TGV rescue deal bails out Alstom’s Belfort factory

Photo: ClS /

Alstom and the French government have reached a deal which will secure the future of the company’s Belfort manufacturing site beyond 2018.

France’s Minister of State for Industry, Christophe Sirugue, and Alstom’s chief executive, Henri Poupart-Lafarge, today announced an order for 15 new TGV Euroduplex units – in addition to six ordered by SNCF – 20 shunting locomotives and 30 intercity trains.

Last month, Alstom said it would have to close the facility, which employs around 480 people, because of lack of orders.

Prior to today, Alstom had not received any orders for locomotives in France for more than a decade and its current production line of TGV motors was coming to an end.

Announcing the plan for Belfort, Alstom said it will also allow for the development of maintenance and service activities on the site and that the company would work with other businesses on the diversification of Belfort into the production of “other rail and road vehicles”.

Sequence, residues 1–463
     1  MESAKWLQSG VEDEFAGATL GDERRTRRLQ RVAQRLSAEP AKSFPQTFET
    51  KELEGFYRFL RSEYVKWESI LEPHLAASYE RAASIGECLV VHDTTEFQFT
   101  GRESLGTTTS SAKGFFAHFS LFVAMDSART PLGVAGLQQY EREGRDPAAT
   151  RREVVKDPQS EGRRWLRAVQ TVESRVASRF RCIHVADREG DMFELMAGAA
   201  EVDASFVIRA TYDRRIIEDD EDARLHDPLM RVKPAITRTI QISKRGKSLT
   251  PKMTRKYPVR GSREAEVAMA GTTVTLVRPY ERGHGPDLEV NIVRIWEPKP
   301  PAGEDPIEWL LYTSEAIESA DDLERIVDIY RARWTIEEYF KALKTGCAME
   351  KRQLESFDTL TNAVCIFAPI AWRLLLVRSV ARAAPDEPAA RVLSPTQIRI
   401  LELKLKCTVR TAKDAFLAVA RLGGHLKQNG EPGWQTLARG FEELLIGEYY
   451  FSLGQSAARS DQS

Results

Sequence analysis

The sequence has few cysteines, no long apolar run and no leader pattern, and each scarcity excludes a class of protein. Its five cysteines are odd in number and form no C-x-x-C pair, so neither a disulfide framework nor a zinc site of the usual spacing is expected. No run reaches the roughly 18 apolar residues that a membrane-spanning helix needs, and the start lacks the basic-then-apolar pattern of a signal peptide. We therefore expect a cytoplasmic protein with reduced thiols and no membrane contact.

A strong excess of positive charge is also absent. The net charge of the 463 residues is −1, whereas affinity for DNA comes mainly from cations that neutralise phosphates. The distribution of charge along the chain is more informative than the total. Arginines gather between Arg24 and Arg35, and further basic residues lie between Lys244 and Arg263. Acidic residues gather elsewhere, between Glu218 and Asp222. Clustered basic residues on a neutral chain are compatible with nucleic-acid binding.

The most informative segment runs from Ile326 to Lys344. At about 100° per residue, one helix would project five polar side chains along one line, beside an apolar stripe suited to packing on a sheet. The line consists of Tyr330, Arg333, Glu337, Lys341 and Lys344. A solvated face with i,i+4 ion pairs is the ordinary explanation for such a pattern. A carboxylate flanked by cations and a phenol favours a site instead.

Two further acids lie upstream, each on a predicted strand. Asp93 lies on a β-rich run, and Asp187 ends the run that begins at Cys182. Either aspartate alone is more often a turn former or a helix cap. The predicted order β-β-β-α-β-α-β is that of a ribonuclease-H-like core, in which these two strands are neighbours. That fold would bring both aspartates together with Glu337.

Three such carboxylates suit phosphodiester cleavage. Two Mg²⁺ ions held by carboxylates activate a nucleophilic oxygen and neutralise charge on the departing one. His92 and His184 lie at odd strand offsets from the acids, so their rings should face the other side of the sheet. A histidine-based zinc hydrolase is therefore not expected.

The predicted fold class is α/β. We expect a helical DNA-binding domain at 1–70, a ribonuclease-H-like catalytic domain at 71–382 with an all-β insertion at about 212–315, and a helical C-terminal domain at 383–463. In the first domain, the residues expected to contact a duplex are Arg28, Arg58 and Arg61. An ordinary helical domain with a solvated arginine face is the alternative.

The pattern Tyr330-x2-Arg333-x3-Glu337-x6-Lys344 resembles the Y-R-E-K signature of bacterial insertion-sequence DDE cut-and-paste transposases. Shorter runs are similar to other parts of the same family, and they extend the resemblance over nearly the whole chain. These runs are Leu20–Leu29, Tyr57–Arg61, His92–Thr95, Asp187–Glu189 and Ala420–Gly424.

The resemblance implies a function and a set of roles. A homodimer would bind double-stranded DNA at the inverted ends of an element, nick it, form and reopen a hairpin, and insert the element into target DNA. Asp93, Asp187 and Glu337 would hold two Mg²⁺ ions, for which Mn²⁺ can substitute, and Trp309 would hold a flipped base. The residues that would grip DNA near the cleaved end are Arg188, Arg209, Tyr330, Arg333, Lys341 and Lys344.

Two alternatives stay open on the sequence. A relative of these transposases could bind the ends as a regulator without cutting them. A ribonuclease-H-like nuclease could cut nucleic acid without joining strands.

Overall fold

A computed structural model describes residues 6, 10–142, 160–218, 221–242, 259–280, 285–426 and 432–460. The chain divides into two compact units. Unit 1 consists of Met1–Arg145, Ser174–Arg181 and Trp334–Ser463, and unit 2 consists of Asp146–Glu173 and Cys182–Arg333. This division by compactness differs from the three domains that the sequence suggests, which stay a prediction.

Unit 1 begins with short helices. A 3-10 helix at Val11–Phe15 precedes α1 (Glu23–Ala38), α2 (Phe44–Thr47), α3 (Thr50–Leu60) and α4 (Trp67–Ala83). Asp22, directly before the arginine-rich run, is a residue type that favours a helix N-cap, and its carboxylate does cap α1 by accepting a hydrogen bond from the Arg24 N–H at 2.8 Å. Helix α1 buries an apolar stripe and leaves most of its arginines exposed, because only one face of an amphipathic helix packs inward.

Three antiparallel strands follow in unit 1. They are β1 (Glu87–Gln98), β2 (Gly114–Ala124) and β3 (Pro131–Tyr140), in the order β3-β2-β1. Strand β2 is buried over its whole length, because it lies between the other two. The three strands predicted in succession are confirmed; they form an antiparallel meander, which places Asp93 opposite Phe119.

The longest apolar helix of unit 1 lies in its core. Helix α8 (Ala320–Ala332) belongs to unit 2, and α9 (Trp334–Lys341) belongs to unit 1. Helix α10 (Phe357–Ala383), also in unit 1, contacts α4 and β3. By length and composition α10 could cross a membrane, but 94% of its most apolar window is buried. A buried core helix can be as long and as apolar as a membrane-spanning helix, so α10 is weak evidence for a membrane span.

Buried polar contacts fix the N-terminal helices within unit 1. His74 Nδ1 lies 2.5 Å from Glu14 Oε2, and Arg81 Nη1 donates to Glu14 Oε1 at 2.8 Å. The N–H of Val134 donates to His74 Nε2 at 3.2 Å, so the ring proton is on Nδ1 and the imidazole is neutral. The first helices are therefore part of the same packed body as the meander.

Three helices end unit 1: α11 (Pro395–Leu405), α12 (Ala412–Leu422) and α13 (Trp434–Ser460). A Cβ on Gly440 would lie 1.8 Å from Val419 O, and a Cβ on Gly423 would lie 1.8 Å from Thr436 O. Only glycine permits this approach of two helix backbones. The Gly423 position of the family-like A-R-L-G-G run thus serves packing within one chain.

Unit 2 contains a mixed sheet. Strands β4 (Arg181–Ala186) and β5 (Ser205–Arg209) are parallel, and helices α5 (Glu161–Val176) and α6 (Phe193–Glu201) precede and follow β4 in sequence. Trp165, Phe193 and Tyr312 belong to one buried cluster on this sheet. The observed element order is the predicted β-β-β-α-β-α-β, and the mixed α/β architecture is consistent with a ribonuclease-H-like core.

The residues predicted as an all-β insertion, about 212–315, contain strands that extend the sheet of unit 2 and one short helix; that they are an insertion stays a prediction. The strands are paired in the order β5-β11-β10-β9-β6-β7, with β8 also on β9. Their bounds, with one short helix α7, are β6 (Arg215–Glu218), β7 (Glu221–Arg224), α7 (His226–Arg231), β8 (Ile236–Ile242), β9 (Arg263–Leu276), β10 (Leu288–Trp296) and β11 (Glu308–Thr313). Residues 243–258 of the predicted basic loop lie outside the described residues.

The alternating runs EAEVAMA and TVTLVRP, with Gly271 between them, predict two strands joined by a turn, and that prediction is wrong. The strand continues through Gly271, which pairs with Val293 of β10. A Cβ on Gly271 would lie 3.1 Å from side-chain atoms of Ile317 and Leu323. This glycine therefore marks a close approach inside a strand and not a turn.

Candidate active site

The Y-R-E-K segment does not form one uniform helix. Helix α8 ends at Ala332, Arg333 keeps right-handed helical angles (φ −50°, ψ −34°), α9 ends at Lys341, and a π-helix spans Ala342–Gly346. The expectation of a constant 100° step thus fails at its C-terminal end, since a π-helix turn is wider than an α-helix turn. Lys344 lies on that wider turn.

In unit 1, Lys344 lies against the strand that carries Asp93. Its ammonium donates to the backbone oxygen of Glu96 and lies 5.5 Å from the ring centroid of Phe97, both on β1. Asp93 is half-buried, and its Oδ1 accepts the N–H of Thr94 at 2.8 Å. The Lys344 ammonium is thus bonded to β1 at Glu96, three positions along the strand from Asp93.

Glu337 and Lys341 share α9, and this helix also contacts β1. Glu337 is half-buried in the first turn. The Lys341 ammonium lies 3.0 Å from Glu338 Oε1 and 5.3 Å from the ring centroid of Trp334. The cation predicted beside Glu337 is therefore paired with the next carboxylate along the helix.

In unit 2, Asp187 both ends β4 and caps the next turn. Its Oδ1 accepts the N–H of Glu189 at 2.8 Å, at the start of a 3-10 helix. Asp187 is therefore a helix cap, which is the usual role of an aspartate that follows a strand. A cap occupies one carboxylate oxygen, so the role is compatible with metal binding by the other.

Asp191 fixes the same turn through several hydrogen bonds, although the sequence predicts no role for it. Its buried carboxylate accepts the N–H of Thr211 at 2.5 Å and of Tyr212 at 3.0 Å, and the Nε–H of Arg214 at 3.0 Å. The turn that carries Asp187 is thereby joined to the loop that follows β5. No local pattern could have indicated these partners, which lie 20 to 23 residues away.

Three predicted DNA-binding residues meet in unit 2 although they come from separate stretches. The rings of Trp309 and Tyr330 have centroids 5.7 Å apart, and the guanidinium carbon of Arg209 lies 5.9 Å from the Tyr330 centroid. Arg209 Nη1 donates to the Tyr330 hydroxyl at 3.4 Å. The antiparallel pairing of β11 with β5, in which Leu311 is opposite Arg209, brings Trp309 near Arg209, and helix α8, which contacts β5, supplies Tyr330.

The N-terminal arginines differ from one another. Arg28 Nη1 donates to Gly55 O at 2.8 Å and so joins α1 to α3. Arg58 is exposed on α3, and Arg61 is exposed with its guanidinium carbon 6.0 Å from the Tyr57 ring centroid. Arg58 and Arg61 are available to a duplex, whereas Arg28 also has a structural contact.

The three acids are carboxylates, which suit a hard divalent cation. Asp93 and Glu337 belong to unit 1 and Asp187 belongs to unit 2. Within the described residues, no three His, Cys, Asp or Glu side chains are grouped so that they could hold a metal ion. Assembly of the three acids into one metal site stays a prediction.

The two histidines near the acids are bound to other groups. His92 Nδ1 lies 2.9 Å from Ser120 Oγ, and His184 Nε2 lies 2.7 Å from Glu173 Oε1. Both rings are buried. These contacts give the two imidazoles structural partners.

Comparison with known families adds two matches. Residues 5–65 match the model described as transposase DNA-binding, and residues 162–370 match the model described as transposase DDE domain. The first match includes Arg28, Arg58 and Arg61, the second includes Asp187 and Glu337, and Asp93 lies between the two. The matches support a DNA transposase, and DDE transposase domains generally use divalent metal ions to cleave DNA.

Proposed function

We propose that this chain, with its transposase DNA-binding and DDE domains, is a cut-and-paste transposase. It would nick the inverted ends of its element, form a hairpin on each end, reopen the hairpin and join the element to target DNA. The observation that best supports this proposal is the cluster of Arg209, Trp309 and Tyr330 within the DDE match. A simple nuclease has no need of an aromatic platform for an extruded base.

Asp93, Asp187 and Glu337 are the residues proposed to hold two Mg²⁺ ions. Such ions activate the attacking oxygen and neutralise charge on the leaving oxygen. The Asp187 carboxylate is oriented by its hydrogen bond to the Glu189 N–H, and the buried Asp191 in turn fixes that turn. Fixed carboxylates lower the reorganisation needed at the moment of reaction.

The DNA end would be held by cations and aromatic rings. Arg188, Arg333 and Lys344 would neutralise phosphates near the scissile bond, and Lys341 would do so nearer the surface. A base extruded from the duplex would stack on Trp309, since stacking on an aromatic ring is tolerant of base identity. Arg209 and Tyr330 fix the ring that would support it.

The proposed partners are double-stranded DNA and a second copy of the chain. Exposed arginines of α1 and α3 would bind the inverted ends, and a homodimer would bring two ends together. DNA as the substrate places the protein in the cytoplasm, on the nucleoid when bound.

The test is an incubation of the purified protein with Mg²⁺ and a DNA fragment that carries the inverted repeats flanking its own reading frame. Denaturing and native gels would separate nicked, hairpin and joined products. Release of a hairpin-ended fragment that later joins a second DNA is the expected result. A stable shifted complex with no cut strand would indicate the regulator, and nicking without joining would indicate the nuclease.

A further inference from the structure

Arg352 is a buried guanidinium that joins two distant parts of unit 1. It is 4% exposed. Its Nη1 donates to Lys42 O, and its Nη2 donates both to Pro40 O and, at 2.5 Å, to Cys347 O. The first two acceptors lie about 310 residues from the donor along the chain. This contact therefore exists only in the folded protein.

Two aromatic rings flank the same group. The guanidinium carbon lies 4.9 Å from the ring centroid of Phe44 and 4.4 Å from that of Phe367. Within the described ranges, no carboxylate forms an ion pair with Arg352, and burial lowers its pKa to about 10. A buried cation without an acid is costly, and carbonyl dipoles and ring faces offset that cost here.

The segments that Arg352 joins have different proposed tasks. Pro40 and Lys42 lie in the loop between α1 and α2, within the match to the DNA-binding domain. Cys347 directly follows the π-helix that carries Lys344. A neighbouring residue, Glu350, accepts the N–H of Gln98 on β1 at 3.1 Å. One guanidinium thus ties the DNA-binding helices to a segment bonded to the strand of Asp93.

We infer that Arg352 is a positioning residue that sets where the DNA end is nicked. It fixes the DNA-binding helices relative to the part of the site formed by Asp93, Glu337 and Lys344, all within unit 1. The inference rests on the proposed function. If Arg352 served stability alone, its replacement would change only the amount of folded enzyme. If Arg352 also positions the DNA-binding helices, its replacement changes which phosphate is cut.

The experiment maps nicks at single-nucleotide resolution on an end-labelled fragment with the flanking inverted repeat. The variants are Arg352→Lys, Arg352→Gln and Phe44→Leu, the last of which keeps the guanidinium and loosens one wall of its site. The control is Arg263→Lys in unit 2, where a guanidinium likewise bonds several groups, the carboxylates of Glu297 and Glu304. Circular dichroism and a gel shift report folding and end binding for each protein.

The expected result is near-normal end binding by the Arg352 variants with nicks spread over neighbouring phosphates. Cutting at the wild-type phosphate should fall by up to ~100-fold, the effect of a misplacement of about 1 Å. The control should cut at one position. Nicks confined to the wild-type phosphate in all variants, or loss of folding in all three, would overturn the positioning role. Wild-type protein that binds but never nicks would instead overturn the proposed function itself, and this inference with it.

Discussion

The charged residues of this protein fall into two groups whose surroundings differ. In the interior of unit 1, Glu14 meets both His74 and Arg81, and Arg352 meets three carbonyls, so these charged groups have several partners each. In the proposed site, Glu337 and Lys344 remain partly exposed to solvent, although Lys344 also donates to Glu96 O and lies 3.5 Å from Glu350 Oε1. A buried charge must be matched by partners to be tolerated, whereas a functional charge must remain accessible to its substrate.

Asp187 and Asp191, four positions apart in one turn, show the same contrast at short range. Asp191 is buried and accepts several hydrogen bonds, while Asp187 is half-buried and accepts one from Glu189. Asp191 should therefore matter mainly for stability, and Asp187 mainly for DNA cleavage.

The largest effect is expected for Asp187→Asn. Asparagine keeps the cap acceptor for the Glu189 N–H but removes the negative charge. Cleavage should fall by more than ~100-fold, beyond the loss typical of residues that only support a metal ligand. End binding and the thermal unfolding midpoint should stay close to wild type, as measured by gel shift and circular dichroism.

Henri Poupart-Lafarge said: “I am pleased by the announcements that have just been made and by the mobilisation of all stakeholders in order to find an industrial future for Belfort site and to consolidate the workload on other sites in France.

“Moreover, the fact that a strategic committee for the industry will be held soon is excellent news for the whole railway sector.”

TGV 001, the prototype which formed the basis of France’s iconic high-speed train, was built at Belfort.

The intercity trains will be built at Alstom’s Reichshoffen site, where many of the staff at Belfort were expected to be transferred following the factory’s closure.


  1. Yet another example of French protectionism, non-doubt circumnavigating several EU laws in the process without any EU punishments levied. Once Brexit occurs watch as the French state props up its industries in the face of increasing German efficiency and we all know where that ends.

  2. A Non – Bombardier was subject to competition in bids due the UK Government abiding by EU Procurement laws. It had to compete with Siemens, Alstom, CAF etc, if you remember it lost the Thameslink contract to Siemens. The fact that it has since won bids is testament to its products. If you are in doubt look at the French procurement of rolling stock and compare it with the UK. Its very obvious who has been following EU procurement law and who has had a national bias in its procurement.


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